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Where Can I Retire on $2,500 a Month?


A retirement income of $2,500 a month will pay for a comfortable and secure lifestyle in many places in the United States. While there are pros and cons to living in any location, here are six cities where $2,500 can stretch to cover the monthly living expenses for many retirees and some information about what you need to expect with your potential retirement income. It’s important to discuss your retirement goals with a financial advisor as early as possible if you’re not sure whether you’ll have enough for the retirement you want.

Retirement Income Reality

The average 65-year-old who is still working earned $57,252 a year as of the second quarter of 2023, according to the Bureau of Labor Statistics. A monthly income of $2,500 works out to a little more than half that, or $30,000. With that in mind, it may seem like a difficult if not impossible task to retire on $2,500 per month.

However, while in many cities, especially large metropolitan areas, that much income would make it hard to scrape by, in others it’s enough for a secure and satisfying lifestyle. This is due to wide geographic variations in key costs, particularly housing but also including taxes, transportation, utilities, food, healthcare and other expenses. As a result, if you pick your retirement city with careful attention to its cost of living, an income of $2,500 in many cases will adequately fund a comfortable if not extravagant existence.

Of course, much depends on individual circumstances. For instance, if you own a home in a high-cost area you may be able to use the proceeds from selling it to purchase a residence mortgage-free somewhere else. Since housing costs are the single biggest item in most budgets, not having a monthly mortgage or rent payment can make all the difference in your retirement lifestyle’s affordability. But almost any retiree on a limited income can benefit from considering not just how much they have to spend but where they will spend it.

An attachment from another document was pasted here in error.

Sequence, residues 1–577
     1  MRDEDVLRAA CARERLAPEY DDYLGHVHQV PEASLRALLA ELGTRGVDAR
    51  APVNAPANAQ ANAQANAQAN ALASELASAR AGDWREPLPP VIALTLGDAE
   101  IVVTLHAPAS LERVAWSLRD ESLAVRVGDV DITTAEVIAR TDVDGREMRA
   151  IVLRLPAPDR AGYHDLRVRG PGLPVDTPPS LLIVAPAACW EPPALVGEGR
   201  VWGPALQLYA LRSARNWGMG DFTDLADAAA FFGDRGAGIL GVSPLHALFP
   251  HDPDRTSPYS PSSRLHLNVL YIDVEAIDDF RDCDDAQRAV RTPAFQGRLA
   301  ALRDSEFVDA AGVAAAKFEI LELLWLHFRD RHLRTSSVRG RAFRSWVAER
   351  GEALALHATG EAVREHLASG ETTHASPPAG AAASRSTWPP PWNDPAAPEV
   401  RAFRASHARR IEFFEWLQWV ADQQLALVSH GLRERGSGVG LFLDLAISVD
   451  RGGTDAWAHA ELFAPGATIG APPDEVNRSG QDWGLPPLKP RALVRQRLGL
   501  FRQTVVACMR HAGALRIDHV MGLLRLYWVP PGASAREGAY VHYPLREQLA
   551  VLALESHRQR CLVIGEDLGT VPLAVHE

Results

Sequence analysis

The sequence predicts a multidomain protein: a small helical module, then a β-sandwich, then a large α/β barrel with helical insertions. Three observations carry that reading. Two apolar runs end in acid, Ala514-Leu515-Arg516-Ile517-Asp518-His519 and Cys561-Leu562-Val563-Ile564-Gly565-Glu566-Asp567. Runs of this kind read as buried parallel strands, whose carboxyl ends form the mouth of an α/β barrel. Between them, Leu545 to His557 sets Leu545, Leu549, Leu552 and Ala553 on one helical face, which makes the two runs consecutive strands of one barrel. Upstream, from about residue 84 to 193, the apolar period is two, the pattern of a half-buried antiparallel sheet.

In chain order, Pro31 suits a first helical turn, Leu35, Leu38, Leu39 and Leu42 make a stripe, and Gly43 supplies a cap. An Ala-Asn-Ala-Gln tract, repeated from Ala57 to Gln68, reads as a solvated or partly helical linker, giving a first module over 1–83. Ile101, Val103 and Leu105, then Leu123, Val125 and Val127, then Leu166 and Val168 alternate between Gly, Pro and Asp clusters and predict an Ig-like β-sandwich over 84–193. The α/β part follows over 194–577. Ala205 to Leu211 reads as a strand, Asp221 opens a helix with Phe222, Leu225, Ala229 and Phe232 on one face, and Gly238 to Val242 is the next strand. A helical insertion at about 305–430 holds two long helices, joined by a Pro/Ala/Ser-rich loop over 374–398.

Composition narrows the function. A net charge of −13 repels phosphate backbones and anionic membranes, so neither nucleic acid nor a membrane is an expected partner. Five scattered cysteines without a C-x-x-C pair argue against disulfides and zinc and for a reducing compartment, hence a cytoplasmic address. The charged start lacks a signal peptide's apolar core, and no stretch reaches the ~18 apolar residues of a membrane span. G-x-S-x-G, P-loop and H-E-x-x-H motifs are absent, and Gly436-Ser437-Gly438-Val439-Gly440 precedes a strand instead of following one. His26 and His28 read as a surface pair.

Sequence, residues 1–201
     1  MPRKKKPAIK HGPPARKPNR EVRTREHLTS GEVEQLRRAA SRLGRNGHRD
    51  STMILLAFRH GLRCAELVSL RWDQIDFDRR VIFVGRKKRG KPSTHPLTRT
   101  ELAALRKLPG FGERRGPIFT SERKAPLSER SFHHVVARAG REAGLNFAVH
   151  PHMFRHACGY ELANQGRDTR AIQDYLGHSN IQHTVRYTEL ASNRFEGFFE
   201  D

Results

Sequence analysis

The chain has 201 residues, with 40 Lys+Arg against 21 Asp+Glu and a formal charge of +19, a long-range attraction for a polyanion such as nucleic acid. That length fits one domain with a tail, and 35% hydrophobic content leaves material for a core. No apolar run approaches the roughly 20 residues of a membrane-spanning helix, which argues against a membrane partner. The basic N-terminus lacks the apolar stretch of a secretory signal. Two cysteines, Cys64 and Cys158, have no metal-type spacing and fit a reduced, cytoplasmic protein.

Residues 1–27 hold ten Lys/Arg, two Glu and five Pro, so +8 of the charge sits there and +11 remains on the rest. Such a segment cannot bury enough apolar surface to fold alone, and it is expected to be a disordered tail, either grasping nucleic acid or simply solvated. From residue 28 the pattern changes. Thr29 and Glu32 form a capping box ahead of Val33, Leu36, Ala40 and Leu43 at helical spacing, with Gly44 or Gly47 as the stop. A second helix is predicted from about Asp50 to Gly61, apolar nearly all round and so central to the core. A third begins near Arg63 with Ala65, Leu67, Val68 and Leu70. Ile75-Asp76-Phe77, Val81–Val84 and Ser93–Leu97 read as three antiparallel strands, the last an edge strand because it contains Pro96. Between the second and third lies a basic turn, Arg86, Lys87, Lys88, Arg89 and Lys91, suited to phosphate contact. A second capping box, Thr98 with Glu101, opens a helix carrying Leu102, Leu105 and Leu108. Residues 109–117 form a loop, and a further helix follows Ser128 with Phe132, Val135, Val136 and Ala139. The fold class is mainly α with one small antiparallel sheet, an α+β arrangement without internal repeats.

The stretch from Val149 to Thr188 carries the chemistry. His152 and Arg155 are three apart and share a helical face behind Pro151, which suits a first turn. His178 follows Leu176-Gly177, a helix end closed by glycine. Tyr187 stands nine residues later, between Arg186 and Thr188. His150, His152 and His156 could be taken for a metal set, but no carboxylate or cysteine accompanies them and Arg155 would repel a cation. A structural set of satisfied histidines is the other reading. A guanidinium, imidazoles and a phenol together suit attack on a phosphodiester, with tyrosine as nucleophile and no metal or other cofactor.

Six Cities Where You Can Retire on $2,500

Group of women retired for less than $2,500 per month

By definition, approximately half the places in America have below-average living costs. Many of these are out of the way and far from essentials such as healthcare facilities. However, here are six cities that combine minimal expense with urban-style living and, inevitably, some drawbacks for each.

1. Memphis, Tennessee

You can enjoy living amid the rich musical culture of Memphis without paying a lot due to its lack of a state income tax and inexpensive real estate. Costs for transportation and groceries are also modest. Summers are hot and humid compared to much of the country, but winters are generally mild. On the downside, healthcare accessibility is on the low side.

2. Wichita, Kansas

Another affordable housing beacon shines in Wichita, where residents also pay some of the lowest utility costs in the nation. You may have to rely on a car more in Wichita than in older cities with better mass transit, and it also offers limited entertainment options compared to major metros. Wichita has four distinct seasons, with cold winters and hot summers.

3. Cleveland, Ohio

Moderate healthcare and housing costs help make Cleveland a prime target for retirees living on limited incomes. Its history as a manufacturing center manifests in a heavy industrial presence, and cultural attractions may be less varied than in some towns. Although winters are cold, summers are temperate.